This Feltex Award-winning documentary follows a 1977 expedition where Sir Edmund Hillary and crew (including son Peter) attempted to jet boat upriver from the mouth of the Ganges to its Himalayan heart, before making the first ascent of Akash Parbat. The adventure pilgrimage was a proof of concept for the Kiwi-invented boat, and a return to action for Ed after the death of his wife and daughter in a 1975 plane crash. The mission faces epic white water, altitude sickness and tigers. Director Michael Dillon revisited the trip for his 2019 big screen documentary Hillary: Ocean to Sky.
This 1968 tourism promo follows two Aussie sheilas, Helen and Beverly, on a champagne-fuelled trip across the ditch. The tour kicks off with an obligatory sheep's 'baa', but offers some surprises alongside the scenic wonderland way, such as a detour to a Kaingaroa Forest mill and an Otago gold rush history lesson. Surprisingly trippy, Blow Up-inspired opening credits, some bold cutting and a jazzy score enliven the jaunt; a highlight is the lasses and hip local lads Monkee-ing around a Māori village and geothermal power station ... it's not PC, but it's definitely pop-tastic!
Presented by Kenneth Cumberland, Landmarks looked at New Zealand history through the landscape — and at man "coming to terms" with it. In this episode Aotearoa's "last, lonely, remote" geography is framed as a stimulus for ingenuity. A narrative of "triumph over the elements" finds its flagbearer in the DIY story of jetboat inventor Bill Hamilton. Cumberland is donnish but game in pursuit of telling landmarks: exposing seashells alongside the Napier-Taupō highway (700 metres above sea level) like a downunder Darwin, or in a gas mask on an erupting White Island.
This third episode in presenter Peter Hayden’s journey across latitude 45 depicts the “new gold” of the booming tourist trade. On the Clutha River, archaeologists race ahead of the construction of a dam, digging for a soon-to-be-submerged mining past. The road to Skippers Canyon induces vertigo. Hayden rafts through the Oxenbridge brothers’ tunnelling feat, a failed project aimed at diverting the Shotover River in the hope of finding gold on the exposed bed. Alan Brady is filmed in his newly-established winery, the first in a region now famed for its wine.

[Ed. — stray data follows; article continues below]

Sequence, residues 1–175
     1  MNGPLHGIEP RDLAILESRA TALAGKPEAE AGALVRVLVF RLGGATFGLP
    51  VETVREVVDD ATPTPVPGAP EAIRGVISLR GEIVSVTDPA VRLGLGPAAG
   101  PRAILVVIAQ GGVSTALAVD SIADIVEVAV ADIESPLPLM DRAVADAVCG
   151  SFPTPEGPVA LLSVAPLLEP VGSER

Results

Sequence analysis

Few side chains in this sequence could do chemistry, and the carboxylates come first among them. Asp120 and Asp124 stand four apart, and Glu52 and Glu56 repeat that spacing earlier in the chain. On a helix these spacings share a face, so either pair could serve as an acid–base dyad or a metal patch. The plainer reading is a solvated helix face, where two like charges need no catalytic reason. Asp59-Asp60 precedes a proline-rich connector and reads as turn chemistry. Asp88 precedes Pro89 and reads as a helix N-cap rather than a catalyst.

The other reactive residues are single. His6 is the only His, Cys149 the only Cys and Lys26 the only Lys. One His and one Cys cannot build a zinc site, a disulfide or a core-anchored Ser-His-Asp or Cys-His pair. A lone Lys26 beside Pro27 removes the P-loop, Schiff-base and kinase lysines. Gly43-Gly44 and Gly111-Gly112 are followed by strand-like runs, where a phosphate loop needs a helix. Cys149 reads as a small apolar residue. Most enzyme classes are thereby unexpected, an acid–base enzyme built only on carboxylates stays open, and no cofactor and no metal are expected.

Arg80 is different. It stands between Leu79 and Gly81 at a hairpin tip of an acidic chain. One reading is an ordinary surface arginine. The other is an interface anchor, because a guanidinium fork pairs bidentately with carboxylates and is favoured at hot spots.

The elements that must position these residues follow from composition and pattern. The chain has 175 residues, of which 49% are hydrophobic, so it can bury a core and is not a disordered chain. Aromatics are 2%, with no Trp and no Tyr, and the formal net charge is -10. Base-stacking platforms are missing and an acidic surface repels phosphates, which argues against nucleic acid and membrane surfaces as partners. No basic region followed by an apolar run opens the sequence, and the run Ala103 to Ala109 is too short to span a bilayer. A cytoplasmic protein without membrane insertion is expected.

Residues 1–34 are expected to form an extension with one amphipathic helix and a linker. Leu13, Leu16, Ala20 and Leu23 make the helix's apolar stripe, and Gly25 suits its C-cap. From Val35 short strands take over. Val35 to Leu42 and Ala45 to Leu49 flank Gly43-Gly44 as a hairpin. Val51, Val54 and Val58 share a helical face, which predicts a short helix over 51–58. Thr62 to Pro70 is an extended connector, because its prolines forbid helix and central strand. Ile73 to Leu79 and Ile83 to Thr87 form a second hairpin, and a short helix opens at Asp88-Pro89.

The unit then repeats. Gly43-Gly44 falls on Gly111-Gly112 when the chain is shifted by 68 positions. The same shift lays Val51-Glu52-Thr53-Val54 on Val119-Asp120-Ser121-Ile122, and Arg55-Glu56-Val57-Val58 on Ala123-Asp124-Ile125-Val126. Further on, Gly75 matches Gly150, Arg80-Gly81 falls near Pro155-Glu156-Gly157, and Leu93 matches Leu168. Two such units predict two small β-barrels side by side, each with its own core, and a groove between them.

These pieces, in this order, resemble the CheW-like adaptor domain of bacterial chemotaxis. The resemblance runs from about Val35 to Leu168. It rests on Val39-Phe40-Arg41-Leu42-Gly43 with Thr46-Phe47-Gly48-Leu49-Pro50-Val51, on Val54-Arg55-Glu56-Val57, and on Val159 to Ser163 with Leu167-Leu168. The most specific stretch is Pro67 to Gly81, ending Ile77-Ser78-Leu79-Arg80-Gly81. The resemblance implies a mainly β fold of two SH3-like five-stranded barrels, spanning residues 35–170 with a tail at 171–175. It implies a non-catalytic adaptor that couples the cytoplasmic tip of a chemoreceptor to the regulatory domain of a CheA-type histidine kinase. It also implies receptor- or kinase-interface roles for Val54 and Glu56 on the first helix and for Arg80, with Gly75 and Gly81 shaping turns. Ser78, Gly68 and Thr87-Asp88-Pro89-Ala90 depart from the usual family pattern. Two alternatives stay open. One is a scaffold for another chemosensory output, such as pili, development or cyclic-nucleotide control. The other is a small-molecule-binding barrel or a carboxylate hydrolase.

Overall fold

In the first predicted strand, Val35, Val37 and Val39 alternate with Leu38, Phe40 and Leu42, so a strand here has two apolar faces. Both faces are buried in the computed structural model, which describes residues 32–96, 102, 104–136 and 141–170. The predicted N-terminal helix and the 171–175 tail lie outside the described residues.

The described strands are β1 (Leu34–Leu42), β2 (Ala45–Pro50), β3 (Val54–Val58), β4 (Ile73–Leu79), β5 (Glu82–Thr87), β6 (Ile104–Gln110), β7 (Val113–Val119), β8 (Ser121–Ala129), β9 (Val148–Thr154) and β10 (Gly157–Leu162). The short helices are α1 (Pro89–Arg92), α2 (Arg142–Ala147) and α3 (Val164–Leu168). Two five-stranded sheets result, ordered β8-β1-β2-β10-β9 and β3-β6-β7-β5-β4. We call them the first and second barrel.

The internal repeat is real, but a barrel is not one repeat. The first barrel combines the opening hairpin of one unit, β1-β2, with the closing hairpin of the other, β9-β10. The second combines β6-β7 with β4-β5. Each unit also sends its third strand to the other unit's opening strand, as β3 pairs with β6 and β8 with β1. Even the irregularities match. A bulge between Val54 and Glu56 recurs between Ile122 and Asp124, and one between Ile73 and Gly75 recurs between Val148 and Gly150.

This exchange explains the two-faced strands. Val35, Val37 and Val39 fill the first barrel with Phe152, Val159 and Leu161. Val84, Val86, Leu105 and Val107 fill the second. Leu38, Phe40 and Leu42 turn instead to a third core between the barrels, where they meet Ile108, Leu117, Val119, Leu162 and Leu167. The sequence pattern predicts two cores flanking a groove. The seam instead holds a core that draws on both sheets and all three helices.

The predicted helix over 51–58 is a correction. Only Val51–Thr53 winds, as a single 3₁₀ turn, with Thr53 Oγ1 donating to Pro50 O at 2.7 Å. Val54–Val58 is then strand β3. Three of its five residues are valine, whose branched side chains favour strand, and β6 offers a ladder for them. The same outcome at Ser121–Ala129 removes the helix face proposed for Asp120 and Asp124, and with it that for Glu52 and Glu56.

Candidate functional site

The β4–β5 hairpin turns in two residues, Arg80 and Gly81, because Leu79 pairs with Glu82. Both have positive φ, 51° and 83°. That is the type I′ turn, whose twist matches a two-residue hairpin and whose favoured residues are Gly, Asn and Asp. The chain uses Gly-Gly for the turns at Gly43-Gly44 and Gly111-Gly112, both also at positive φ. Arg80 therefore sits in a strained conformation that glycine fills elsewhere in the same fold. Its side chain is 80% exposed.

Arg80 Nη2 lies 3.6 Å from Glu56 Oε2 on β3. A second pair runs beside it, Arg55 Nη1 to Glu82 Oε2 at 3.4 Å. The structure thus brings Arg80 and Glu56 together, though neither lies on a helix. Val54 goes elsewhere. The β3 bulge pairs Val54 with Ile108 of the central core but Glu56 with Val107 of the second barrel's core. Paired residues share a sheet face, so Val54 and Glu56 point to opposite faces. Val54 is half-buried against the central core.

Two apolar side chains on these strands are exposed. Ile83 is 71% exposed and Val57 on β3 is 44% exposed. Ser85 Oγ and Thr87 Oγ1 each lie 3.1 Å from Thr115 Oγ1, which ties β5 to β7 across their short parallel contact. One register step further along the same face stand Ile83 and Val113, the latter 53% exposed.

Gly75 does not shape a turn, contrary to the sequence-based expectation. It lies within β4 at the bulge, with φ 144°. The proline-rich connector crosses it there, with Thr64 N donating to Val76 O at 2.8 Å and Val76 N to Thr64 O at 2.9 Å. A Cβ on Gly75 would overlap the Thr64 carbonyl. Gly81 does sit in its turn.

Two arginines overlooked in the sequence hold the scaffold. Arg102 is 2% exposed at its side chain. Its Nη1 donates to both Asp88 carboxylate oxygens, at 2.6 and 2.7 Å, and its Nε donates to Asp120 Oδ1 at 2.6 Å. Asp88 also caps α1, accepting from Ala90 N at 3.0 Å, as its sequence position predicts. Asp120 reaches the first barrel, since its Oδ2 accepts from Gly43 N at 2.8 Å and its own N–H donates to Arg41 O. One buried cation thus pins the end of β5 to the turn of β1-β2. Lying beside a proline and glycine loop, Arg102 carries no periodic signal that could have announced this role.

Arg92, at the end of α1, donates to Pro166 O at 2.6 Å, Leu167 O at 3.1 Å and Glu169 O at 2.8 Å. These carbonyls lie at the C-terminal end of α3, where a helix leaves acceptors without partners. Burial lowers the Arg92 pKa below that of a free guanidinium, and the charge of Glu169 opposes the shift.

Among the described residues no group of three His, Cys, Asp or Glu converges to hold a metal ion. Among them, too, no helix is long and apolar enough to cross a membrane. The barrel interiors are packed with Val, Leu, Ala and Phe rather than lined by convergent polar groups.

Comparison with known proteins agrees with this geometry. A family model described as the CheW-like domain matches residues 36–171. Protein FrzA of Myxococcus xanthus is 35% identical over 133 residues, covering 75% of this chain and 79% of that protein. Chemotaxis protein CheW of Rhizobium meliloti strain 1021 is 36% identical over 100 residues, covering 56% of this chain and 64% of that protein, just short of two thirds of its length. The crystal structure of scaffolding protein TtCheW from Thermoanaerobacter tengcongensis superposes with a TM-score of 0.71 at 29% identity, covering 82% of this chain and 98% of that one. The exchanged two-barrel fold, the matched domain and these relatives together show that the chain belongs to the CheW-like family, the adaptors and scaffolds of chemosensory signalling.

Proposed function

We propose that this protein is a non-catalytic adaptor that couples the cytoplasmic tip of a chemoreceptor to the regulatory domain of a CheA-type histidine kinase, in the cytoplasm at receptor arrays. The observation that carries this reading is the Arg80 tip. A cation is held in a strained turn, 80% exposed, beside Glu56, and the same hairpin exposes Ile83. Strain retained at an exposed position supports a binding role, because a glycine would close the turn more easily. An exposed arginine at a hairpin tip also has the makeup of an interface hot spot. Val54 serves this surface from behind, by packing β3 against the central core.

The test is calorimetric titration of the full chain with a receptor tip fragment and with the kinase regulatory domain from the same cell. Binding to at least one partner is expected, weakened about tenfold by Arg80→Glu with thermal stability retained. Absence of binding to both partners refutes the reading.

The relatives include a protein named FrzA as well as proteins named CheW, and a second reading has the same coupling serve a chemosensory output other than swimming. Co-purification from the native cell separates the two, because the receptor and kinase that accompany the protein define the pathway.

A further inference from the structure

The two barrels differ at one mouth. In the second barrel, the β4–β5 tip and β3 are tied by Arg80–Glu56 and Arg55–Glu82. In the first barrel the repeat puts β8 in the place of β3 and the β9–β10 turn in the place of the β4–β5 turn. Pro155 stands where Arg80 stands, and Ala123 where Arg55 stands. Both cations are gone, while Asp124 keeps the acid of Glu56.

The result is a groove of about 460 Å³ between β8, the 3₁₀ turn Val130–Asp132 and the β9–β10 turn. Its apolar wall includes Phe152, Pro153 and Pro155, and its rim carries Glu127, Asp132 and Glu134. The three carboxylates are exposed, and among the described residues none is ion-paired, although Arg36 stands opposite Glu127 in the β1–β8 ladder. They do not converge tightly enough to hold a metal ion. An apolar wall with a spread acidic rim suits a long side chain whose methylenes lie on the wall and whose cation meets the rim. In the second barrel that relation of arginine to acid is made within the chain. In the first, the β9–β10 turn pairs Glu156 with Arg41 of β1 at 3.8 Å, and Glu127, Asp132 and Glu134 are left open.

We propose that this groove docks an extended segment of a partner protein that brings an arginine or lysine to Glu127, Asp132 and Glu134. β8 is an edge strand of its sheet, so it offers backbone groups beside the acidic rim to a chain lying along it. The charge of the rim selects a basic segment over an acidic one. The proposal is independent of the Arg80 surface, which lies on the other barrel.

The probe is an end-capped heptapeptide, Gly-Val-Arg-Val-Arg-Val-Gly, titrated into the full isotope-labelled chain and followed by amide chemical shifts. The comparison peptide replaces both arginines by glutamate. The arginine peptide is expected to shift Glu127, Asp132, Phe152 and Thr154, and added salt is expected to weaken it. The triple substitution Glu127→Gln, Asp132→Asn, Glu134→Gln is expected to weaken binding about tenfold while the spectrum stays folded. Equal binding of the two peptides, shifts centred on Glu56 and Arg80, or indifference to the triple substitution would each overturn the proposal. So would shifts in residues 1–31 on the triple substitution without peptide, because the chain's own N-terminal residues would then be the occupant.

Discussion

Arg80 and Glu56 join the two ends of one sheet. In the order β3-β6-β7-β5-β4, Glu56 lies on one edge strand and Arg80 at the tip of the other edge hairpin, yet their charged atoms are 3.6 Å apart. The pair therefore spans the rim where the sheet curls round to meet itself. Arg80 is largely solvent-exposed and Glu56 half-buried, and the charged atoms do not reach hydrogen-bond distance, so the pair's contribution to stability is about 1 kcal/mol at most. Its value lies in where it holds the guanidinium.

Made by the NZ Broadcasting Corporation in the mid 1960s, this half hour TV documentary sets out to summarise New Zealand. More than a promotional video, it takes a wider view, examining both the country’s points of pride and some of its troubles. In a brief appearance Barry Crump kills a pig, although the narration is quick to point out that the ‘good keen man’ image he epitomises is also a root of the country’s problem alcohol consumption. The result is patriotic, but certainly not uncritical. Writer Tony Isaac went on to make landmark bicultural dramas Pukemanu and The Governor.
Made by Philip McDonald (Such a Stupid Way to Die) for the National Water and Soil Conservation Authority, this award-winning short explores the impact of people on New Zealand’s water cycle. Shots of irrigation, industrial waste and run-off from dairy farming show Godzone’s 1972 waterways to be far short of 100% pure — the closing national anthem played over polluted rivers underlines the point. A young Sam Neill (then working at the National Film Unit) cameos as an eau-so-suave drinker in a scene showing the disconnection between water use and where it comes from.
Introduced to New Zealand in 1851, red deer soon became controversial residents: sport for hunters, but despised by farmers and conservationists for the damage they caused. First targeted by government cullers in the 1930s, by the 60s they were shot by commercial operators for venison export. Directed by Bruce Morrison and Keith Hunter, this award-winning documentary catches up with the hunt in the 70s, when deer for farming – dramatically caught alive, from helicopters – was a multi-million dollar gold rush. Different versions of the film were made for overseas markets.
For this 1987 Kaleidoscope report, architectural commentator Mark Wigley uses Kiwi resort towns as fuel for an essay on local architecture. He visits Waitangi, arguing that Aotearoa should have followed the "rich ornamental example" of the Whare Rūnanga, instead of the restraint of the Treaty House. He praises Paihia’s "cacophony of bad taste" motels. In part two, he compares Queenstown and Arrowtown, and admires a gold dredge and the Skyline gondola. Wigley, then starting his academic career in the United States, would become an internationally acclaimed architectural theorist.
Made by the NFU for the NZ Water Safety Council this film enlists shock to provoke punters to consider water safety. On a summer’s day a fisherman, surfer and boatie all reckon it's “a great day for it”. But thoughtlessness results in tragedy. Directed by Hugh Macdonald (This is New Zealand), the disjunct between the jaunty song on the soundtrack and sunken bodies onscreen anticipates the graphic horror of the late 90s/early 00s road safety ads (sharing kinship with 1971 bush safety PSA Such a Stupid Way to Die). Grant Tilly cameos as a radio DJ.
Forty-five years in the making, this documentary looks at the history of Kiwi adventure sport. Via spectacular — original and archive — footage, it follows the pioneers (AJ Hackett et al) from sheep farm-spawned maverick surf kids to pre-Lonely Planet OEs chasing the buzz; and the innovative toys and pursuits that resulted. From the Hamilton Jet to the bungee, No.8 fencing wire smarts are iterated. The exhilaration of adventure is underpinned by a poignant ecological message — that the places where the paradise chasers could express themselves are now in peril.